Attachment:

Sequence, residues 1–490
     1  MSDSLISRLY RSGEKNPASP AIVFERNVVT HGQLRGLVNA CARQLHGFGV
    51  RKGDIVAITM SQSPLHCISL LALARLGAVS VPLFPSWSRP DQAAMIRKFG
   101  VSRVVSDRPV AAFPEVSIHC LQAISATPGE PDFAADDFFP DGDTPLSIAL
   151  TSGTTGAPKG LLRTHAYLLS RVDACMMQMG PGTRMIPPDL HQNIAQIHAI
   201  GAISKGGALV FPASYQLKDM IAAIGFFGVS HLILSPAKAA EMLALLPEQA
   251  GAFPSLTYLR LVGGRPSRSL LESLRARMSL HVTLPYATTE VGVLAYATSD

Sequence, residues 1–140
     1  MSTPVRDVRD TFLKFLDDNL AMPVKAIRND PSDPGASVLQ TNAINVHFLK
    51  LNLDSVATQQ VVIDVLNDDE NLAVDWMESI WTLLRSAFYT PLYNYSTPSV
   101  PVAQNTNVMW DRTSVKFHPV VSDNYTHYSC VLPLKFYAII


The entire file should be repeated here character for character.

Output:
Sequence, residues 1–490
     1  MSDSLISRLY RSGEKNPASP AIVFERNVVT HGQLRGLVNA CARQLHGFGV
    51  RKGDIVAITM SQSPLHCISL LALARLGAVS VPLFPSWSRP DQAAMIRKFG
   101  VSRVVSDRPV AAFPEVSIHC LQAISATPGE PDFAADDFFP DGDTPLSIAL
   151  TSGTTGAPKG LLRTHAYLLS RVDACMMQMG PGTRMIPPDL HQNIAQIHAI
   201  GAISKGGALV FPASYQLKDM IAAIGFFGVS HLILSPAKAA EMLALLPEQA
   251  GAFPSLTYLR LVGGRPSRSL LESLRARMSL HVTLPYATTE VGVLAYATSD

Sequence, residues 1–140
     1  MSTPVRDVRD TFLKFLDDNL AMPVKAIRND PSDPGASVLQ TNAINVHFLK
    51  LNLDSVATQQ VVIDVLNDDE NLAVDWMESI WTLLRSAFYT PLYNYSTPSV
   101  PVAQNTNVMW DRTSVKFHPV VSDNYTHYSC VLPLKFYAII